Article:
New Zealand photographer. Aberhart became a leading photographer in New Zealand from the 1970s with his distinctive 8×10 inch black-and-white photographs, taken with a 19th-century large format Field Camera. He is particularly well known for his images of disappearing cultural history, often melancholic in tone, in New Zealand....
Australian watercolourist, Soldier, colonist and businessman of English descent. The son of the watercolour painter John Absolon (1815–95), he served in the Queen’s Rifles and exhibited paintings and sketches with the Society of British Artists before first visiting Western Australia in 1869. Shipboard watercolour sketches and many studies of the bushland environs of Perth, such as ...
Italian painter and art teacher active in Australia. He trained at the Accademia di S Luca, Rome. His conservative style emulates his teacher Alessandro Capalti’s use of drape, column and rhetorical gesture, as seen in Capalti’s portraits at the University of Sydney. On Bishop James Quinn’s advice, Anivitti emigrated to Brisbane in ...
Australian architect. He served articles with William Salway (1844–1902) in Melbourne and practised alone from the late 1880s to the early 1930s, with a circle of clients and friends drawn from varying levels of Melbourne society. As well as a commitment to the ideals of the Arts and Crafts movement, he aimed to create an Australian idiom and saw architecture as an art rather than a profession. His talent for sketching and his flair for writing on architecture were also recognized at an early stage in local building journals....
Australian architect of Irish birth. He trained in the London office of the architect Charles Beazley and worked for five years for John Rennie, before spending eight years in architectural and engineering work in Ireland. In 1826 he was appointed Civil Engineer for Van Diemen’s Land (now Tasmania), and he arrived at Hobart Town in ...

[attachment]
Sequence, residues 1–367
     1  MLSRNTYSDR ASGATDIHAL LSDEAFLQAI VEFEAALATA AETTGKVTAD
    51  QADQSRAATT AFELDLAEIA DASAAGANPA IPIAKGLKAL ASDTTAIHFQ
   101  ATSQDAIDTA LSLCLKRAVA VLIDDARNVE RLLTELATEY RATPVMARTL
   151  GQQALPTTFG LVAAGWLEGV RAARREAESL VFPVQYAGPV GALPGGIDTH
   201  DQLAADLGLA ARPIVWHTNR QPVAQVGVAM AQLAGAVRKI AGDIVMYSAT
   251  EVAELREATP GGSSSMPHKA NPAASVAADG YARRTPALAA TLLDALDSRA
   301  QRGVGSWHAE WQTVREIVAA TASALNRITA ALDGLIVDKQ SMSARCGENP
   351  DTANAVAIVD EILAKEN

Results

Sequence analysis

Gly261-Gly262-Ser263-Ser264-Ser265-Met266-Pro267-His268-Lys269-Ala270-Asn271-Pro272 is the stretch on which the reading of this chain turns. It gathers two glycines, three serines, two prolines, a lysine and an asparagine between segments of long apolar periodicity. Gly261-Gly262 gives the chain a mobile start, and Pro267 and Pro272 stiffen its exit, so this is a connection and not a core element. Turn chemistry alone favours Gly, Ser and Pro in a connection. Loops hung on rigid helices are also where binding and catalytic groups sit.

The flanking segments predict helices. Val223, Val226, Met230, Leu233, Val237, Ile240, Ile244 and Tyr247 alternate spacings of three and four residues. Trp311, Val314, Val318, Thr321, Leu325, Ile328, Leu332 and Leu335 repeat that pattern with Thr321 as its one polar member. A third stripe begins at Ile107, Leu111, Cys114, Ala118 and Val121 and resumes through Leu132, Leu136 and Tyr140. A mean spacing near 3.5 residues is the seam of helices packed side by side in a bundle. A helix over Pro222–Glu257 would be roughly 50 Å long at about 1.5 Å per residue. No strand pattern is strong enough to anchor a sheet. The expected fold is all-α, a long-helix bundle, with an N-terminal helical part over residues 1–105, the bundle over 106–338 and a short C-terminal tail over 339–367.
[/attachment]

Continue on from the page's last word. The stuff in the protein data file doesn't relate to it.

J. N. Mané-Wheoki
New Zealand architect of English birth. In 1862, after a lengthy apprenticeship in Melbourne, Australia, Armson arrived in New Zealand. He spent two years (1862–4) in the engineering department of the Otago provincial government, Dunedin, and from 1866 to 1870 he practised in Hokitika on the West Coast. Christchurch, where he finally settled in ...
Within a half-century of the signing of the Treaty of Waitangi between the British Crown and Maori chiefs in 1840—the event from which the beginning of New Zealand (Aotearoa) is generally dated (and leaving aside from the present discussion the tribal art of the indigenous ...
Australian painter and writer . He attended the West London School of Art and, following the end of the Franco-Prussian War in 1871, the Académie Julian in Paris. In 1878 the newspaper owner David Syme invited Ashton to Melbourne to produce black-and-white illustrations for the Illustrated Australian News...
British, 19th – 20th century, male.
Active from 1878 active in Australia.
Born 1851, in Surrey; died 1942, in Melbourne.
Painter, watercolourist, pastellist, draughtsman, illustrator. Portraits, genre scenes, landscapes.
Julian Rossi Ashton was a pupil at South Kensington School in London and Académie Julian in Paris. He settled in Australia, founded Sydney Art School in 1896, and taught there. He was a member of the committee of the National Art Gallery in Sydney from 1889 to 1899....